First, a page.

The mass relation of the material that absorbs microwaves/hydrocarbon mixture is within a range of values of between 0.05 and 1, preferably within a range of values of between 0.1 and 0.5.

Spent catalyst is understood to mean the catalyst or mixture of catalysts already used in HDT units in a refinery. The referred treatment promotes a reduction of TAN in the hydrocarbon stream of up to 70%. Other studies are being developed, that may increase this number.

Microwave treatment units (MTU), useful for the present process, include microwave ovens, either conventional or not, commercial or not, one mode or multi-mode, pulse or continuous, with fixed or variable microwave power and frequency.

The microwave equipment used in the present process, (not limited to this process only), was an microwave oven adapted from the ETHOSPLUS model, manufactured for the Milestone Laboratory Systems, with total power of up to 1000 W, pulse or continuous type, with a frequency of 2.45 MHz.

The process proposed is carried out in the presence of gaseous hydrogen or not. When carried out in the presence of hydrogen the benefits of the present process are added synergetically to the conventional benefits of hydrotreatment or hydrocracking.

The process proposed is fully implemented for the treatment of specific streams such as, crude oil, diesel oil, light recycled oil, (LCO), aviation kerosene, vacuum gas oils, coke gas oils, etc.

The basic design proposed in the present application consists of the insertion of one or more units for the generic treatment of hydrocarbon mixtures to be submitted to the action of microwaves, at least in one of the processing stages described below.

The stages of the process include:

a) Preheating the hydrocarbon mixture with the presence of high acid total values to be treated at temperatures that characteristically fall within a range of between 120 C. and 450 C.;

b) Placing the referenced hydrocarbon mixture in continuous contact with a fixed stream or mud bed, constituted of a microwave absorbent material, such as a spent catalyst proceeding from a hydrotreatment unit, in the presence of gaseous hydrogen or not, submitted to the action of microwave power, within the range of 1 mm to 30 cm or of 1 to 30 GHz at a temperature of between 120 C. and 450 C., preferably at a temperature within a range of between 140 C. and 350 C.;

c) Continual withdrawal of the irradiated hydrocarbon mixture containing a reduced TAN value for later processing in refinery units (for example, conventional petroleum refinery units) of a refining system;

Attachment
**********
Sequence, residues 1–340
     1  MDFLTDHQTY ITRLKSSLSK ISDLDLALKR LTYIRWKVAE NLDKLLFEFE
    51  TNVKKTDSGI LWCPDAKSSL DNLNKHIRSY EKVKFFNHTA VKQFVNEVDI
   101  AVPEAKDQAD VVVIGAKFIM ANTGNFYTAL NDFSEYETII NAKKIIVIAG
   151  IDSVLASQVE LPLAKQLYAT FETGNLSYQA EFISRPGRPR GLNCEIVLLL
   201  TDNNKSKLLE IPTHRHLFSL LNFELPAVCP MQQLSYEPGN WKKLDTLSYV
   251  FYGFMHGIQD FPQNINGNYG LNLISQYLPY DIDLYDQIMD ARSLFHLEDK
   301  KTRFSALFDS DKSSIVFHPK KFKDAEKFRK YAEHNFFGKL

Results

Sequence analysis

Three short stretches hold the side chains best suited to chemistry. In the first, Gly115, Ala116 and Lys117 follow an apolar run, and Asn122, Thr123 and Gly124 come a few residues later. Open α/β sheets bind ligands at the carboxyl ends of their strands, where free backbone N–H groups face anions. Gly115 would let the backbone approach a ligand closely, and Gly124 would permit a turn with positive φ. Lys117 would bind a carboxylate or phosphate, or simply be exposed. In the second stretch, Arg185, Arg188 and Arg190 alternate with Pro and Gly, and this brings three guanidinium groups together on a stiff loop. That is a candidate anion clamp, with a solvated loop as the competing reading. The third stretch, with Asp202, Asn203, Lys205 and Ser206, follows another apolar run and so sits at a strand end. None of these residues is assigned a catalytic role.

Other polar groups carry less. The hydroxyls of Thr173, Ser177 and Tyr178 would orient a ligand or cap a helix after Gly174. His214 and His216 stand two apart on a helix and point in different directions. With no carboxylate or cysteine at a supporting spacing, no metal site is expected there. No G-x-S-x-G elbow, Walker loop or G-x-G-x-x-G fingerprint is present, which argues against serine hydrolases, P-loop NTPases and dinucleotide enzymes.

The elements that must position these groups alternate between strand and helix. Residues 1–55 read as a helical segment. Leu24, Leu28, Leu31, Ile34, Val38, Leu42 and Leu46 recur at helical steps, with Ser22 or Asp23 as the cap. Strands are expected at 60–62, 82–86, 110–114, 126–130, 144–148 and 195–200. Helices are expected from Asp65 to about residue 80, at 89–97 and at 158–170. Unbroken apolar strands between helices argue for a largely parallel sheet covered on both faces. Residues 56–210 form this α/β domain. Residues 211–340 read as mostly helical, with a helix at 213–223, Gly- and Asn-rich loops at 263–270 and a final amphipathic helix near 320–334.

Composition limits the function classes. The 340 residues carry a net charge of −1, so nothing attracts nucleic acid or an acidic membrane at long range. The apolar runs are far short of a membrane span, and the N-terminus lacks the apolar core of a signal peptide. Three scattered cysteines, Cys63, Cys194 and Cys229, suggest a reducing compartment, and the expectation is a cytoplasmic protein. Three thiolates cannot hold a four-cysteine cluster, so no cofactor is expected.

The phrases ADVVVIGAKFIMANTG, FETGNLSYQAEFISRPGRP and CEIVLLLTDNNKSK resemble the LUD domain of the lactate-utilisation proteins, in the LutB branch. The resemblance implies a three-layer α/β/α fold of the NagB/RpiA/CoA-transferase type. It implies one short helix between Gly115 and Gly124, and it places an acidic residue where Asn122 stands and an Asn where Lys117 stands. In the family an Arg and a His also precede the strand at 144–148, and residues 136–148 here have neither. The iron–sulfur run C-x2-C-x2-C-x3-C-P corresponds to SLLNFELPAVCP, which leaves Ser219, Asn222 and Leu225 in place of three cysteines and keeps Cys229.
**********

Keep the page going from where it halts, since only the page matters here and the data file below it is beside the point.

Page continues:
and where:

    • i) The pressure will be such that, after the treatment, the treated hydrocarbon mixture stream should be at the normal pressure of the refining system; and
    • ii) The spatial velocity of the treated hydrocarbon mixture falls in a range of between 0.25 h−1 and 10 h−1, preferably within a range of between 0.5 h−1 and 4 h−1.

d) Disposal of the microwave absorbent material at the end of the campaign time, in the usual way used in (e.g., conventional) units used for heavy streams.

The proposed technology has as an additional advantage: the reutilization of spent material; therefore at a lower cost, and thus delays their disposal and treatment as refuse.

A typical petroleum refining process comprises the following steps:

    • a) heating the crude oil in a heat exchanger, thus obtaining a heated crude oil;
    • b) desalting the heated crude oil in a desalter, thus obtaining a desalted crude oil;
    • c) separating the light fractions from the desalted crude oil in a preflash tower, thus obtaining a treated oil; and
    • d) distilling the treated oil from the preceding step in a atmospheric distillation tower and in a vaccum distillation tower.

The present process to reduce naphthenic acidity from petroleum products and their fractions that contain high levels of TAN may be implemented at various points in the refinery, such as for example: before the desalination area in production and/or refining units, after the desalination area and before the preflash tower, after the preflash tower, before the fluid catalytic cracking unit, or inserted upstream or downstream of the derivative products finishing processes where extra reduction of acidity is desirable.

The process to reduce acidity in hydrocarbon mixtures, the object of the present invention, will be better understood through the description given below, with example headings, together with the annexed drawings, which are an integral part of the present report.

According to a first embodiment of the process to treat hydrocarbon mixtures after the preflash tower (2) and before the atmospheric distillation tower (7) that it is shown in FIG. 1, the treatment of the hydrocarbon mixture flow (1) with TAN levels of between 1 and 10 mg KOH/g of oil takes place through the following stages: